Politics

No Jeb, Your Brother Did Not Keep Us ‘Safe’

CREDIT: AP Photo/Doug Mills, FILE

In this Sept. 14, 2001 file photo President George W. Bush, center, with, from left, former New York City Mayor Rudolph Giuliani, then-New York Gov. George Pataki, Sen. Charles Schumer, D-N.Y., and former New York City Fire Commissioner Thomas Van Essen look toward the fallen buildings during a tour of the World Trade Center.

Former Florida Gov. Jeb Bush doubled down on the idea that his brother “kept us safe” as president on Thursday — making an even more explicit connection to the Sept. 11 attacks on the World Trade Center — the day after he made the claim during the second Republican presidential debate on CNN.

His camapaign tweeted a graphic with the phrase “he kept us safe” paired with the carnage after the attacks:

During the debate Bush seemed to indicate that George W. Bush ensured American safety after the terrorist attacks. But the photo in the tweet, with his brother standing on the ruins of the World Trade Center as president, is a explicit connection to his brother keeping “us safe” during Sept. 11. It’s a whitewashed version of history.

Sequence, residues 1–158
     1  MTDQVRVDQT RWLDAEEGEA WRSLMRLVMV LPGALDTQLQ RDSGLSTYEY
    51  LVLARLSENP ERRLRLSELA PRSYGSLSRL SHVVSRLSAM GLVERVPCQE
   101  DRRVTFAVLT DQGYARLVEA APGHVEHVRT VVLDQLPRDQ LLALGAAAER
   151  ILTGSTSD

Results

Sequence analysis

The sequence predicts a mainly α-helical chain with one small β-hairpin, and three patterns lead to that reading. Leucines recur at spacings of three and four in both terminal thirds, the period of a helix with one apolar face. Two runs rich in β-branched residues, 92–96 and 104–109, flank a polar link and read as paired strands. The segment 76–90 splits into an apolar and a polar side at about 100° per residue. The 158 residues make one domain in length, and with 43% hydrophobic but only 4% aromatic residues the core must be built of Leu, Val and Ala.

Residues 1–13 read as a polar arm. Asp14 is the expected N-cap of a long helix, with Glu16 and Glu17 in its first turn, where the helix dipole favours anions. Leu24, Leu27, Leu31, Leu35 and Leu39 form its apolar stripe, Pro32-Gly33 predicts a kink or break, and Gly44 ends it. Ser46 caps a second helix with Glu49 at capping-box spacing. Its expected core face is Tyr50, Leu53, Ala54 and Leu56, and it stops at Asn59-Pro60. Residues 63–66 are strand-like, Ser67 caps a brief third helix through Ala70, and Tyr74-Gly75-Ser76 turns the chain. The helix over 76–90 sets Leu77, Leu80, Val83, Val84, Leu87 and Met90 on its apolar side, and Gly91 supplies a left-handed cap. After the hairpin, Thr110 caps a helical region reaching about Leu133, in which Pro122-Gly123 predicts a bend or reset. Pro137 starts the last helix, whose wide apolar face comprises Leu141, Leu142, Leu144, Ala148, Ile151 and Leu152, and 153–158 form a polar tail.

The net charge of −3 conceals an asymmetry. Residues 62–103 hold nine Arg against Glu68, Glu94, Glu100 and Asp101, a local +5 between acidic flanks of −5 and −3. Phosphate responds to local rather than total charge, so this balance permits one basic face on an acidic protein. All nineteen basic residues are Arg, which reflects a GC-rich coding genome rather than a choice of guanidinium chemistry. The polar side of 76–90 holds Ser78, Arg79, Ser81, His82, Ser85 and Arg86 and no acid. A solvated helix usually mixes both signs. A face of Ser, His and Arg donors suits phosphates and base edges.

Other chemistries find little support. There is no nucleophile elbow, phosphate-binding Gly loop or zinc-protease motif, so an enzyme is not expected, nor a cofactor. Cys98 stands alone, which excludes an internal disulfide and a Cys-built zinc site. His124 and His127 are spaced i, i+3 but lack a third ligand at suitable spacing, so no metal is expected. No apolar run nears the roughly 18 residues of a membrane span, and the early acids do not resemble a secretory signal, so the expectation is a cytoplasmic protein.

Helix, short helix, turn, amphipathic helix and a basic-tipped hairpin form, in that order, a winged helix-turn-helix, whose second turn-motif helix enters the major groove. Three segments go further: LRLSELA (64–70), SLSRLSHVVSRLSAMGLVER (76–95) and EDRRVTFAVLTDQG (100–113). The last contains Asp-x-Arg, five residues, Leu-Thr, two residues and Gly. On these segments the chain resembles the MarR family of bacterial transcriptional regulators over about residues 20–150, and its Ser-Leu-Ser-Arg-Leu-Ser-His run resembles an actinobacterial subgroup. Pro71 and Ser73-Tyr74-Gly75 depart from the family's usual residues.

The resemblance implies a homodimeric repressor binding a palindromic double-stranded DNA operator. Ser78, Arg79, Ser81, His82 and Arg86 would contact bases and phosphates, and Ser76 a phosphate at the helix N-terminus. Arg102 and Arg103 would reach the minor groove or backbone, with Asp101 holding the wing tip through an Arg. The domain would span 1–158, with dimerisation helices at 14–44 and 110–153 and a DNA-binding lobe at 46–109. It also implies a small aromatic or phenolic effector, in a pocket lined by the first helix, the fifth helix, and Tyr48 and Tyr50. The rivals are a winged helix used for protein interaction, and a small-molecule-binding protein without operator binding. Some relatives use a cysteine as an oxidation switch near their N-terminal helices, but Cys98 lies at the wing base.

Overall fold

Much of the analysis following the World Trade Center attacks revealed that the Bush administration ignored warnings that such a plot could be in the works. Declassified documents indicate that Osama bin Laden had been planning the attacks for years. But rather than preparing for potential terrorist attacks, reports indicated that the Bush administration was more focused on missile defense.

Bin laden strike

Furthermore, even if Bush is trying to argue that it was his brother’s post-9/11 counterterrorism strategy that kept America “safe,” most evidence indicates that the war in Iraq was dangerously misguided. The Iraq war wasn’t linked to the attacks on U.S. soil, and a 2006 intelligence report indicated that the U.S. presence in Iraq actually worsened the threat of terrorism. Ultimately, nearly 5,000 American troops and other allied troops gave their lives during the war in Iraq.